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2X ThinClientServer V4.1

On VanBragt.Net SBC Centre already reviews are available for other 2X Product like the 2X Load Balancer and the 2X Application Server. But the first product released is their ThinClient Server product. With the product you can easily change your existing computer into thin client connecting to your SBC infrastructure or use low cost thin clients. With 2X ThinClient Server you can centrally manage and configure those machines.

Installation




The central component is the Thin Client Server. This component can be installed on a Windows or a Linux server. For this review I'm using the Windows variant (I'm not very familiar with Linux). The installation source is single executable. The executable exist of the Thinclient server product and has also Apache Web Server and MySQL included.

During the installation you need to specify the destination folder, specify which NIC(s) should be bind to the ThinClient Server product and that the machine should create a farm or join a farm. This option implies logically that you can have more than one ThinClientServer for redundancy and load balancing.  Also you need to specify a user for the database. It looks like MySQL has some limitation with characters in the password, because my first installation failed on that point. When I did it again with a simplified password everything went ok.

The last step is the basic configuration of the ThinClient server. This steps must be accomplished before the installation can be finished successfully. You should define the connection with Active Directory (or select local users), add protocols, add a connection and add an client image. I will describe these part in detail in the next configuration paragraph.

Configuration

Actually as I just mentioned the basic configuration is already done during the installation. In this initial configuration the first step is to select the domain controller (or specify that you would to use local  users). During this configuration you need to specify the domain name, one of your Domain Controllers, administrator name and password. You can add more domains if needed.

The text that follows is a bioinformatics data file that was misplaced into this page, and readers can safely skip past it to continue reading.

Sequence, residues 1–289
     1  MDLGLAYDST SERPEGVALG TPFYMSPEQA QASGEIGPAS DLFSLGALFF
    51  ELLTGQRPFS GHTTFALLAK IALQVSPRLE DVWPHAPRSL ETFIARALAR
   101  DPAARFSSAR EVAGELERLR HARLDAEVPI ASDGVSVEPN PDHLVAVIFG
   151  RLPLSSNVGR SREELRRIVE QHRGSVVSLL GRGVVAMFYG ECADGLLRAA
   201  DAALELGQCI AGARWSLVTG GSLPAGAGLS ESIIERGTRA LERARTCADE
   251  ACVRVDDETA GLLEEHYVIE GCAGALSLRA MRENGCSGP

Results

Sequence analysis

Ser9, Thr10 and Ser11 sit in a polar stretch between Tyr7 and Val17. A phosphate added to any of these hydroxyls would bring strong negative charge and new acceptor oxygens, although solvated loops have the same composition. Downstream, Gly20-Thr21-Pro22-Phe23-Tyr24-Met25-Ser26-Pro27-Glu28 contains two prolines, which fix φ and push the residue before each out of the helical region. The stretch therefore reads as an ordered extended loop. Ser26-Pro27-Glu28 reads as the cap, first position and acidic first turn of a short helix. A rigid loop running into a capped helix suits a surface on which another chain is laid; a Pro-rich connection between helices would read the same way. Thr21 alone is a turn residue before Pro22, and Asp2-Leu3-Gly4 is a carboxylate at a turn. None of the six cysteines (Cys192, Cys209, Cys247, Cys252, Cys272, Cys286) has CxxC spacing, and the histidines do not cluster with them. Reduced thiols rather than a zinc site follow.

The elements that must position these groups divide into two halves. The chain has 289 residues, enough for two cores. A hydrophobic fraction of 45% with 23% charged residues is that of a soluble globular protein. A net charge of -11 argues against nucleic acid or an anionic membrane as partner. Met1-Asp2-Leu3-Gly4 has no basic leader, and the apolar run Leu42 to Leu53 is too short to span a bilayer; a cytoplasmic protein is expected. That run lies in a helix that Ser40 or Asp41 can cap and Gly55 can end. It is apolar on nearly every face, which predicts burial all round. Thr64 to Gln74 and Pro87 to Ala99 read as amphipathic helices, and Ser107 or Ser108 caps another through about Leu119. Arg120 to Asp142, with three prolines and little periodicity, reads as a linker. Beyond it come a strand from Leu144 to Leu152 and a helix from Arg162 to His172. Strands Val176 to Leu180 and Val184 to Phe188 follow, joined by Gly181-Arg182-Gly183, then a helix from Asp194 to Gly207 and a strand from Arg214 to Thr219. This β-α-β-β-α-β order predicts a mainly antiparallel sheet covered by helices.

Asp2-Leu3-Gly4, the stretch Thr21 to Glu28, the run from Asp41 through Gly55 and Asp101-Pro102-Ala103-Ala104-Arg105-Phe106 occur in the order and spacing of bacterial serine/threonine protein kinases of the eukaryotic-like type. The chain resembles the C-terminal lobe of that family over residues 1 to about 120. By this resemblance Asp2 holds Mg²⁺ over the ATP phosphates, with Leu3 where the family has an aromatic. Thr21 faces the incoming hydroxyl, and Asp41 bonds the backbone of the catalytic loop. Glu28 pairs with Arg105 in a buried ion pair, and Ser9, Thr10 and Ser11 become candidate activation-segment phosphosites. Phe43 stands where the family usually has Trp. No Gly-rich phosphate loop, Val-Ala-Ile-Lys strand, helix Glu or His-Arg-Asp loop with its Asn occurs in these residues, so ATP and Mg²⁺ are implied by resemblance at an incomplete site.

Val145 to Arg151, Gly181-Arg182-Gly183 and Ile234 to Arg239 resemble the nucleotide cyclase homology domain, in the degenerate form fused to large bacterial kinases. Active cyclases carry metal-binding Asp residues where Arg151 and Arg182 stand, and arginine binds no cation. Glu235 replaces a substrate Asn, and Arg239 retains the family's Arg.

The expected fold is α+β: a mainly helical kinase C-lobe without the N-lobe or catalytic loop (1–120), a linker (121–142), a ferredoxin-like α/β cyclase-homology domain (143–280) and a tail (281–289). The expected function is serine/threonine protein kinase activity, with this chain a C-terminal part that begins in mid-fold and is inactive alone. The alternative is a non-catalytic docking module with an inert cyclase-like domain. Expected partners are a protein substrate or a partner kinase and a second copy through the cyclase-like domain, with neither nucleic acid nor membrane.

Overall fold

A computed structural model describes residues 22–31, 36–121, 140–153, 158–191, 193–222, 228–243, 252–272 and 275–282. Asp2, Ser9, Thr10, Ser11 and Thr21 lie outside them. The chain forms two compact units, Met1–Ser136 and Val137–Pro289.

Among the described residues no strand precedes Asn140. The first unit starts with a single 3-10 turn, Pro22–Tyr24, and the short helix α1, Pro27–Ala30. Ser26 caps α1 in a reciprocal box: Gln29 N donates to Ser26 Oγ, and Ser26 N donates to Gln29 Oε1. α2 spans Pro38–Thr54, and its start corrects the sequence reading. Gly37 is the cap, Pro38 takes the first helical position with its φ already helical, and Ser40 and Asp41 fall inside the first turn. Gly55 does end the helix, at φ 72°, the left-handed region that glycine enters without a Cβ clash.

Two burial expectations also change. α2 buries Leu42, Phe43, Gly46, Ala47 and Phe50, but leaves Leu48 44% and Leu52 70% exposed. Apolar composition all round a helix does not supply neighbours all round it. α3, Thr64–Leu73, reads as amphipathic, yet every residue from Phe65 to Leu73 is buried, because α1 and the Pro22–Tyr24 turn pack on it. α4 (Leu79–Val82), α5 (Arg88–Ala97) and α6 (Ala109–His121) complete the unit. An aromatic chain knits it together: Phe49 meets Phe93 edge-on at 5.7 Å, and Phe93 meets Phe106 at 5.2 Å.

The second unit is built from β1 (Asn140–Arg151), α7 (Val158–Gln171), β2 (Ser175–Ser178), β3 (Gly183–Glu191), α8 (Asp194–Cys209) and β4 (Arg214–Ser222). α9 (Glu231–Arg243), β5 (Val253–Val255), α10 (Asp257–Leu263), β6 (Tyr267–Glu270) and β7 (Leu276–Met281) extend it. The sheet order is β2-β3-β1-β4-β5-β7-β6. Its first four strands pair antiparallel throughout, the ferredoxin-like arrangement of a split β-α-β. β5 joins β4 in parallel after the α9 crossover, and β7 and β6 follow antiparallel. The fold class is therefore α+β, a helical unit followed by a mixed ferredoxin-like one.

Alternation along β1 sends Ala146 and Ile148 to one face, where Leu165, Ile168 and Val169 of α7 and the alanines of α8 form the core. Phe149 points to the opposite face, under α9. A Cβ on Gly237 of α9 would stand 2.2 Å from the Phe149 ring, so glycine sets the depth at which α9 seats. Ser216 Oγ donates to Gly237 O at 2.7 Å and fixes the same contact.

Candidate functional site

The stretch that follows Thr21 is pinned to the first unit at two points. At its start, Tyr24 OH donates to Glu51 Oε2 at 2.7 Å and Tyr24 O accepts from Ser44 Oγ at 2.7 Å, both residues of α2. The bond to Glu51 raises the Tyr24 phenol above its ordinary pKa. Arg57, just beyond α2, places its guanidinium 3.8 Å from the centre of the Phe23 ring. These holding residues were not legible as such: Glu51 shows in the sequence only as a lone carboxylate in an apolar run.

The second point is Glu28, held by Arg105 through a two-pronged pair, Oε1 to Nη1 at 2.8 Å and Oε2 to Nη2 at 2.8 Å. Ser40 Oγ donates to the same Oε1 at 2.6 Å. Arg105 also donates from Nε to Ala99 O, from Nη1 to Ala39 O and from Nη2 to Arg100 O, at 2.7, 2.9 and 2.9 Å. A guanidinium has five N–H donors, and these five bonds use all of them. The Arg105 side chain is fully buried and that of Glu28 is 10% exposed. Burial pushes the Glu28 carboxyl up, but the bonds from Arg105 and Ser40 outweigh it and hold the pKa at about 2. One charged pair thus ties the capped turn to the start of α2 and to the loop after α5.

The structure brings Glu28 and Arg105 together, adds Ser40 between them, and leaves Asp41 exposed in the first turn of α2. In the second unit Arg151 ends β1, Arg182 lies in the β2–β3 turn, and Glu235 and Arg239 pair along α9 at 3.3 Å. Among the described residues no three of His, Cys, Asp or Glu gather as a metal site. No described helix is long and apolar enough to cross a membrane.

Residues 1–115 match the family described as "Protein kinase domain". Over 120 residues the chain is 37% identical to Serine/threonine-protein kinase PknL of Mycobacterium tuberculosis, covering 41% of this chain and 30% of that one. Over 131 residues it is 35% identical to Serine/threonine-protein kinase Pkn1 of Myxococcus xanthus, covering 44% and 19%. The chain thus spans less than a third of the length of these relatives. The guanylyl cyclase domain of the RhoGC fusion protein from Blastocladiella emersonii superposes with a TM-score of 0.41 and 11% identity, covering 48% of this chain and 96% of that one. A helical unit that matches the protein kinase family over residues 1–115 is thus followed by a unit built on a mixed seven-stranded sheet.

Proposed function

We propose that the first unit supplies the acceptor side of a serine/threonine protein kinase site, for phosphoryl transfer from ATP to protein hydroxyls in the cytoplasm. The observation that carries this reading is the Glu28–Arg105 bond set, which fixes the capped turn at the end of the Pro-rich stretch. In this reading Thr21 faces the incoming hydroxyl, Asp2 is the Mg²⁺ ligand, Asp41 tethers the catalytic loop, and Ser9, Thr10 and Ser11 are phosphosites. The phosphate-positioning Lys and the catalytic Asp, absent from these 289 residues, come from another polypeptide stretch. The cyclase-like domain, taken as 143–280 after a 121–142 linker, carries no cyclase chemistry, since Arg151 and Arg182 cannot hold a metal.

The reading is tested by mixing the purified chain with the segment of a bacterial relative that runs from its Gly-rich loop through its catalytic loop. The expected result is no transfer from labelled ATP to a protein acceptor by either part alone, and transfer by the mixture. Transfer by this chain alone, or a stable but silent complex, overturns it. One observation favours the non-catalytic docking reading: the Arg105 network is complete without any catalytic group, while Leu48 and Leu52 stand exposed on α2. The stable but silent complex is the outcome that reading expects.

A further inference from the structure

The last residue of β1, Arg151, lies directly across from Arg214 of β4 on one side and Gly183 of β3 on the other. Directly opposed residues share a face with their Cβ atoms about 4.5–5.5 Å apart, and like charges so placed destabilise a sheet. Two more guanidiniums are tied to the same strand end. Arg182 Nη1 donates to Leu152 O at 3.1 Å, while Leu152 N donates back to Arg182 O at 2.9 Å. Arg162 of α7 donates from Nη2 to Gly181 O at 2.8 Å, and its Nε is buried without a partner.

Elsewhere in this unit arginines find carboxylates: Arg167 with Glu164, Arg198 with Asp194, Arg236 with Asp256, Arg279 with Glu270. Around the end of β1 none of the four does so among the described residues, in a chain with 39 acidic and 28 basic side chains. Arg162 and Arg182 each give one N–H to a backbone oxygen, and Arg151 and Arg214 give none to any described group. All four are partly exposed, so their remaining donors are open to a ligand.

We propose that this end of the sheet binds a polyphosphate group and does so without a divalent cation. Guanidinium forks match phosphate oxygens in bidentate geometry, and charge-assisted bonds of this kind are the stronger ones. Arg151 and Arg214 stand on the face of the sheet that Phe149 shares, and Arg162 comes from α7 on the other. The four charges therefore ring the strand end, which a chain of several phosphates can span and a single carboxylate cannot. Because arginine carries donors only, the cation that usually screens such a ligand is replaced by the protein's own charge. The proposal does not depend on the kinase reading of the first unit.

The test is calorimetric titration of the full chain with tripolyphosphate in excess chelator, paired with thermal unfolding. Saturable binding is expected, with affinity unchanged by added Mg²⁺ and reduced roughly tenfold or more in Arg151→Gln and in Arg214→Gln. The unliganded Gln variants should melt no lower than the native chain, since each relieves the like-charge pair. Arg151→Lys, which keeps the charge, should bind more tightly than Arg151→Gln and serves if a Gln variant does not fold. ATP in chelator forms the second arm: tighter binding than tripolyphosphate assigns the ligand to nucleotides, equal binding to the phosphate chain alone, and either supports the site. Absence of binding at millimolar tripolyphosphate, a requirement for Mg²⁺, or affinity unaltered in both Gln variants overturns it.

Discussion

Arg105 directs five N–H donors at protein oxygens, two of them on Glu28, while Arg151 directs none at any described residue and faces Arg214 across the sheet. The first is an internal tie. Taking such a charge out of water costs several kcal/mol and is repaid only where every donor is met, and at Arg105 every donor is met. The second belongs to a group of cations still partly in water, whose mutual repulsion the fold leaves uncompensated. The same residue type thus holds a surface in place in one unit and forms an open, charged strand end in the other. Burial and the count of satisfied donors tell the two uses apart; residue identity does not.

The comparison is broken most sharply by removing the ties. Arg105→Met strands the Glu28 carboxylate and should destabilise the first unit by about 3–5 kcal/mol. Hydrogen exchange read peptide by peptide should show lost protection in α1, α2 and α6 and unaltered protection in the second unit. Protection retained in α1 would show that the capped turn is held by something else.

Secondly you need to add a protocol. A protocol is the configuration to connect to a session. 2x ThinClient supports RDP, ICA and NX (Linux) sessions. When selecting the ICA protocol you can specify if you want to publish a Full Desktop or Published Applications. Logically you also need to specify a hostname or IP address where the session should be initiated. Also on the protocol settings you configure display, network, encryption and redirection of local resources (sound, disk and printing) settings.

The last one is to create a connection. A connection exists of one or more protocols and configure which users (based on OU, Group or user level) will have the connection available on the 2X ThinClient client.

At the Thin Client component in the administrator console the default settings can be configured for the thin clients. For example you can configure the default time zones for the client, the kernel to use, to version of the 2X ThinClient OS, boot options, the default keyboard layout, display settings and much more. You can also add you personal banner, showed during start-up and configure the clients to be shadowed using VNC.

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The last configuration options are under the General tab. Here you can configure the licenses and add additional administrators. There is no possibility to delegation of control, an added administrator can perform all tasks. Also the logging of events can be configured here. Last you can create back-ups of your configuration and optional download this back-up to disk.

Connecting the thin client

When the basic configuration is done, it is time to roll-out 2x Thin Clients. 2X is offering a wide range of possibilities to "create" their thin clients.

For all solutions you need to download the ThinClientOS ISO from the 2X website.

The first possibility is to burn the ISO on a CD-rom for every thin client. The thin client than will boot using the cd-rom. This can be used for clients that do not support PXE boot and do not contain a hard disk for example.